Coping with the cost of living: how open banking can build financial resilience

Written by Iain McDougall, Chief Commercial Officer · June 23rd, 2022

Thousands of people across the UK are watching their financial security plummet in real-time. ‘The next few months will be tough,’ UK Chancellor Rishi Sunak warned early this month, as he and his Government scramble to ease cost of living pressures on the country.

Skyrocketing inflation - driven by rising prices in energy and food - is being felt in every corner of the UK, forcing consumers to change their personal finance habits to reflect these difficult circumstances. Recent research from the ONS shows that nearly one in five people (17%) are borrowing more than they did a year ago, and a worrying 43% said they would not be able to save money in the next 12 months.

Whilst some consumers are turning to personal finance experts for sorely-needed advice, a crucial puzzle-piece is not being spoken about enough: open banking. Millions of people are stuck using ineffective financial services or prevented from improving their lives due to poor access to the right financial products. There is a human face to the cost of traditional financial services: credit-worthy borrowers unable to apply for loans due to the spiralling effect of low credit; thousands of ‘unbanked’ individuals who cannot apply for basic finance, Government support, or mortgages; banking customers like you and me having less control over our data and finances.

Here’s where open banking comes into play

Open banking has the power to transform the financial wellbeing of millions of people. In the context of inflation, unprecedented energy prices and tax hikes, responsible lending has never been more important. Open banking is a force for good, improving affordability and transparency to help people break volatile debt cycles and ultimately access the right financial products and services for them.

Fundamentally, it offers people the chance to receive tailored support with money management by allowing regulated companies to securely access and analyse their bank account data. With the consumer's consent, open banking allows third-parties, like us at Yapily, to grant companies that need it access to users’ bank account data, so they can provide more personalised products and services to their customers. And it's a model that works – just ask the 5 million regular users of open banking in the UK now enjoying flexible, tailored, and secure financial solutions.

In just 4 years, the UK has seen open banking deployed through dozens of apps and products that can aid in clearing debt, financial planning, increasing the financial wellbeing of businesses and people, and providing more control in successive months of uncertainty.

Salad Money: Changing the lives of 13,000 key workers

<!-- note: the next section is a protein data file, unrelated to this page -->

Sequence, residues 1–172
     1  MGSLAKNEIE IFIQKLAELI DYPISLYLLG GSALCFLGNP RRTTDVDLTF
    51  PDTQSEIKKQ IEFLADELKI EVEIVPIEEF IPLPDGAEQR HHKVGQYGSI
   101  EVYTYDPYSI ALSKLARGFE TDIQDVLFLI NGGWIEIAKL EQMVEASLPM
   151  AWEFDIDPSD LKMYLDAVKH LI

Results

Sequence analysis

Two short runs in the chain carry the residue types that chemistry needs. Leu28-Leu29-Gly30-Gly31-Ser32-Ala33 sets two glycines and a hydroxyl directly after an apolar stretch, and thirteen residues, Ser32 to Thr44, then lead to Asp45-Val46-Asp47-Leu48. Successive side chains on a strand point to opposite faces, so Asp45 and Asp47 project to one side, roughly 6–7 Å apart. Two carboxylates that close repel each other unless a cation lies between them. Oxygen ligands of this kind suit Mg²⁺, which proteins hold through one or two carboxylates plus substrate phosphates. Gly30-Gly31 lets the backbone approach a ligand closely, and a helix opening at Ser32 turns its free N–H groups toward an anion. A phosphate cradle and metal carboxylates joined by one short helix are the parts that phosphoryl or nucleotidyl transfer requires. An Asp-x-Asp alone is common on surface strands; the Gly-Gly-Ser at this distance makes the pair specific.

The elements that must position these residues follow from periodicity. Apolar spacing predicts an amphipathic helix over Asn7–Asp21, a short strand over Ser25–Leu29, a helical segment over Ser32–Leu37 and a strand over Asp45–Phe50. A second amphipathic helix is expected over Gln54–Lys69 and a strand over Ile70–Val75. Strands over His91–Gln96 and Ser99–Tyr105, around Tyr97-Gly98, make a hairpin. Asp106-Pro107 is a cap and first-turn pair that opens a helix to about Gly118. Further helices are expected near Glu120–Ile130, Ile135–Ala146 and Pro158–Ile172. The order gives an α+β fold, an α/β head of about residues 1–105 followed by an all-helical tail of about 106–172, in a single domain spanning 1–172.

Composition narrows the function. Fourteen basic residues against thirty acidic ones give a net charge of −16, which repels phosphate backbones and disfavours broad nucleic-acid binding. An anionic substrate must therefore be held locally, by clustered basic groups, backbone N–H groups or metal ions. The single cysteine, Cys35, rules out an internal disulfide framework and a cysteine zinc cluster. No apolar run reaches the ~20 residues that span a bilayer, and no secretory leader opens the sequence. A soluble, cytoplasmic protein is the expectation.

Take Lucy, for instance. She’s a nurse in Wales, who’s previously struggled to lift her credit score. In March 2021, she needed to borrow £500 as short-term help to get through some challenging personal circumstances. She found Salad Money, a community lender which specialises in lending to NHS and public sector staff. “I knew I could afford to make repayments of £53 per month, and I was happy to hear Salad Money use Yapily and open banking to assess my affordability, rather than making a decision based on my credit score alone,” she said. Lucy is not alone in this – traditional credit scores only use limited financial data to draw conclusions about a person’s creditworthiness. Limited data tells a limited story about a customer’s payment history which neglects the many thousands of applicants who can repay loans, but are locked out of an unfair system. “I know my credit score is not great, but Salad Money can see that I am careful with money and can afford the repayments,” Lucy told us.

Lucy opted to overpay on her monthly repayments to Salad and paid off her loan in 4 months last year. She is now debt-free. There are tens of thousands of customers just like Lucy, caught in pernicious cycles of debt as a result of an absence of robust financial tools and resources. This is bound to worsen significantly as this crisis sinks its teeth into real people’s wages and standards of living. If there was ever a time to embrace open banking, it is now.

The issue remains that until open banking is more widely adopted, consumers and businesses may find control of their finances is just out of reach. If the Chancellor’s words are a harbinger of what’s to come, we will need to see a significant step-change in open banking regulation to cushion the blow of this inflationary pinch. It is essential that the Government accelerate the development of a fair and forward-looking Open Finance Framework and implement a governance structure for future regulatory entities that will encourage growth.

Everyone deserves to be able to access money management tools and take control of their finances. The open banking revolution is on the precipice of fundamentally transforming the way people pay, access, and manage their money for good. A sustained and deliberate drive towards open banking can help ease the burden of the cost of living crisis in months to come. But to achieve this, we’ll need to see a concerted effort from regulators and the Government to propel the UK out of the crisis and into financial freedom.

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